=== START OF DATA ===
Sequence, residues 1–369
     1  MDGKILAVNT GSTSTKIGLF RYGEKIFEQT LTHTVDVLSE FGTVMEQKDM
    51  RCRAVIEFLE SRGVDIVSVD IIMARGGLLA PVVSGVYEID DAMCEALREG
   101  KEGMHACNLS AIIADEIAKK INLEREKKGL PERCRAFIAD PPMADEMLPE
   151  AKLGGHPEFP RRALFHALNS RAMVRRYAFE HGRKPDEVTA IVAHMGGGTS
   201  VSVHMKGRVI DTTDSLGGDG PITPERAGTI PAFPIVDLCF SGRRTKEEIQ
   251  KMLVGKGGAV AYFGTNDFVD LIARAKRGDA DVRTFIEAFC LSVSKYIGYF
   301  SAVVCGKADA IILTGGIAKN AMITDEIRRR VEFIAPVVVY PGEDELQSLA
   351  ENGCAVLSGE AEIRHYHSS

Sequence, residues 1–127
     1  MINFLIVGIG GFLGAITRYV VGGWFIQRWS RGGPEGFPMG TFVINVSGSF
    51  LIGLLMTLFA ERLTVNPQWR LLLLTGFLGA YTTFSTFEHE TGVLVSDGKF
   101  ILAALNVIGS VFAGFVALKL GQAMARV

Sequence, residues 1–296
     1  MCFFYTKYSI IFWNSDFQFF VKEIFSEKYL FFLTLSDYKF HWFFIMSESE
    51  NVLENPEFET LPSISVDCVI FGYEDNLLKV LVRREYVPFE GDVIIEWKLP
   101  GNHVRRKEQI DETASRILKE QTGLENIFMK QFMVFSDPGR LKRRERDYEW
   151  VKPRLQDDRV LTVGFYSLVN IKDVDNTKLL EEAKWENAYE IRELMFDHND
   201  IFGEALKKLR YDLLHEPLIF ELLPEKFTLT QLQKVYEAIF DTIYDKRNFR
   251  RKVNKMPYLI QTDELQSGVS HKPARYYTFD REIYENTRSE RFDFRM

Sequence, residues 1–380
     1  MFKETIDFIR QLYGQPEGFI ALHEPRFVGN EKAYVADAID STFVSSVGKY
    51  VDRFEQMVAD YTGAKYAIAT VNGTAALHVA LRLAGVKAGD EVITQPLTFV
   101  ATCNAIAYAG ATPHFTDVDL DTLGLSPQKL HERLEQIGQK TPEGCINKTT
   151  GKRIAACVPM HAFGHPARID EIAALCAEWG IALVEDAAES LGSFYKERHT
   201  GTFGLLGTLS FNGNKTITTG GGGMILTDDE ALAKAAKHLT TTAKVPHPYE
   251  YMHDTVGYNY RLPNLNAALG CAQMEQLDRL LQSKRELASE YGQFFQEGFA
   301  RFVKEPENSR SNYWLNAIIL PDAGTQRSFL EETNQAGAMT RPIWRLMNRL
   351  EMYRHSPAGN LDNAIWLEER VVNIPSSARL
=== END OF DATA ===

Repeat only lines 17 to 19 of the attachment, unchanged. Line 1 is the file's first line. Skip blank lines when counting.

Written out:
   101  GNHVRRKEQI DETASRILKE QTGLENIFMK QFMVFSDPGR LKRRERDYEW
   151  VKPRLQDDRV LTVGFYSLVN IKDVDNTKLL EEAKWENAYE IRELMFDHND
   201  IFGEALKKLR YDLLHEPLIF ELLPEKFTLT QLQKVYEAIF DTIYDKRNFR